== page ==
We sourced our first rabbit at the Paulina Meat Market in Chicago. It was three heavy pounds of frozen-solid meat, shipped in from Canada. After thawing it in the fridge, I pulled up a webpage on rabbit butchering, and hacked it to pieces with one small serrated knife and many winces (me, not the rabbit).
I’d broken down chickens before, and turkeys, but never a mammal. I remember pausing with my fingers on a shoulder joint, flexing it, searching for the right place to cut, thinking, with no small level of discomfort, “This feels like our cat.”
I credit my familiarity with cat anatomy, garnered through years of poking and prodding the long-suffering family beast (RIP, Petronius), as the crucial piece that got me through the butchering with enough meat to cook.
The dish turned out tasty. Not fantastic, but enough better than the gaminess my sister had feared, that she proclaimed herself a convert. I thought it was a bit tough, but interesting, and most importantly, full of potential. Russell made me agree to cook it again the next year.
Fast forward to this Christmas. We’re living in one of the best food regions in the country, if you go for local sourcing, ethical raising, and other sustainable agricultural and animal husbandry practices. A new butcher store had opened up a mile away, selling all air-chilled, never-frozen meat from within 150 miles. Russell pre-ordered a rabbit from Devil’s Gulch Ranch, and a half-pound of bacon, for pickup on Xmas Eve. I rustled up a recipe for Rabbit with Mushrooms, which may or may not have been the same one I used in Chicago. Ich kann mich nicht erinnern.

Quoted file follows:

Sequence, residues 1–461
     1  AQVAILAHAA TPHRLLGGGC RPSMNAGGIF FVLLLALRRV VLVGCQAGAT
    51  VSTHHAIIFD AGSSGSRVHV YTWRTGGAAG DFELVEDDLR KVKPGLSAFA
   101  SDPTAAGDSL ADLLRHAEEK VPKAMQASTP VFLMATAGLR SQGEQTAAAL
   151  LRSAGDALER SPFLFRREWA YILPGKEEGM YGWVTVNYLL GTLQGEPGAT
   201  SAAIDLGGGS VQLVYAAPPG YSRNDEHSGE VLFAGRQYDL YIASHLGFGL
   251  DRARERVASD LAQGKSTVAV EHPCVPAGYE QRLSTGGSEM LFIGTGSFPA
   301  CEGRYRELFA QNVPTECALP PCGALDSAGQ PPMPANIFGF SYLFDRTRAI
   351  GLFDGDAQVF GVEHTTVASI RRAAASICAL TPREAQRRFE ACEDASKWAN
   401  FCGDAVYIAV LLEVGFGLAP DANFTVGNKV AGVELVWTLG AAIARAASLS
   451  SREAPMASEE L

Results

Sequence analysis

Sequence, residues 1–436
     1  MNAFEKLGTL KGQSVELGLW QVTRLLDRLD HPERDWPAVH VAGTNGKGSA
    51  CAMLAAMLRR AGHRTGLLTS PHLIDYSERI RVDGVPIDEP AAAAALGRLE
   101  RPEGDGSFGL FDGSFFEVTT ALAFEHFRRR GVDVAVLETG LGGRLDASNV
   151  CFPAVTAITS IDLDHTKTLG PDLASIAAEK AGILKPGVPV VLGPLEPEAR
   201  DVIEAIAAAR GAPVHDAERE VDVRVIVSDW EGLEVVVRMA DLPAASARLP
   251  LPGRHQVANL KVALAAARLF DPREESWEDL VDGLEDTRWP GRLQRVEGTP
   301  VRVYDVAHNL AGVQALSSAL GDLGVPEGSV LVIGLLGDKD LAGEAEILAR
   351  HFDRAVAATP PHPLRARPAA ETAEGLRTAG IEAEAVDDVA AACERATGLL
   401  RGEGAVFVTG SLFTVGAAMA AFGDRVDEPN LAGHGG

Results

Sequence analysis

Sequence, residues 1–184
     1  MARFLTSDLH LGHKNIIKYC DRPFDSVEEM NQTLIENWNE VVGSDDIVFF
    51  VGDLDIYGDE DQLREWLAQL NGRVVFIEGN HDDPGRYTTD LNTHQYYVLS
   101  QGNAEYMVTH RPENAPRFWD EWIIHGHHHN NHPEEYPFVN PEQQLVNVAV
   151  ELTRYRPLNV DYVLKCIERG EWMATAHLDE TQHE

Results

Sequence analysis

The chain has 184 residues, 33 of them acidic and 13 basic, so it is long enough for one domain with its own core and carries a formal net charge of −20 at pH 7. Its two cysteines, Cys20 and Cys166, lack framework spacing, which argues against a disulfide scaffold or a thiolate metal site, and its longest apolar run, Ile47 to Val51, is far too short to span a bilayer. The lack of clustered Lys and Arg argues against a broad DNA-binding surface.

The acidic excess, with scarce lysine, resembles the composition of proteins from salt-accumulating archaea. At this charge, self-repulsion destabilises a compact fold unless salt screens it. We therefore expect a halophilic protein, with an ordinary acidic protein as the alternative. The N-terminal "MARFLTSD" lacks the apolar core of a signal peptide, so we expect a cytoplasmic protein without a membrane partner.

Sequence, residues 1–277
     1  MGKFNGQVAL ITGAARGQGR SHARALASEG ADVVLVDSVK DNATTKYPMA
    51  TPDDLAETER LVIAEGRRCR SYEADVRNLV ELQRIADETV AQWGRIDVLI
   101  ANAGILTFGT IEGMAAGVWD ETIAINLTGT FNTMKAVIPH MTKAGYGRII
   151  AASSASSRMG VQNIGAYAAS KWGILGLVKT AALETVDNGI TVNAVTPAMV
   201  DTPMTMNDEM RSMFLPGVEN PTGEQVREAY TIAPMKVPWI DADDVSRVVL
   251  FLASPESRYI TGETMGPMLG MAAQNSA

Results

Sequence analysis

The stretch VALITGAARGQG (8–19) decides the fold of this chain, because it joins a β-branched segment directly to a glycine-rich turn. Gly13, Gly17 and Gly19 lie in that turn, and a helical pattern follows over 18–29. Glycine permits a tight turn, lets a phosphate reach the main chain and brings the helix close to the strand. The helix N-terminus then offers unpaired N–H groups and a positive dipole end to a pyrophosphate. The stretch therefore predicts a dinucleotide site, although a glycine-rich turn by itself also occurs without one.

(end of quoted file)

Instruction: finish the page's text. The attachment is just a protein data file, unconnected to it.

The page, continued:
Wanting to avoid the unmoored, helpless feeling I experienced the last time I broke a little beast down, I turned to my usual MO. I put a call in to my good friend Mr. Google. After wading through enough sites to learn that many people deceptively call slaughtering “butchering”, I located a pictorial guide to rabbit butchery that got me through the (most) confusing parts.
The feeling of this four and a quarter pounder could not be further from my first rabbit experience. Unless it had scales. Or was made of gold. It was worlds apart, in any case. The membranes lying between muscles were glistening, intact. The kidneys and liver were attached, and a thoracic membrane stretched between the ribs. I was baffled by the leg joints, as I’m pretty sure rabbits have more going on in the hip and knee regions than I do. I was in awe of the meatiness of the thighs, surprised by the delicacy of the individual ribs. I hesitated, before snapping each one off the spine.
Cooking that rabbit was a joy from start to finish. I seasoned the pieces with salt and pepper, rubbed them with mustard, seared them in a hot Dutch oven, and let them braise in chicken broth and wine.
Several additions of onions, mushrooms, and bacon later, that dish was crowned the finest meat I’ve ever prepared. I’m not a super experienced meat-cooker, so maybe that’s low praise, but hey, Russell swooned too. Two days later it still tasted as tender and flavorful as a half hour off the stove.
So what made the difference between rabbits one and two? From my albeit amateur vantage, I’d chalk it up to freshness and quality. The flesh of the never-frozen local beast felt so firm, so animate, compared to the limp Canuck. Ahem. Twss. I also worked my way through most of the meat parts of a pig over the last 6 months, so am more comfortable with mammalian anatomy, which may have helped with the butchering component. I have so much to learn though. So, so much.
One thing is for sure though: I know what our family is eating for Christmas next year.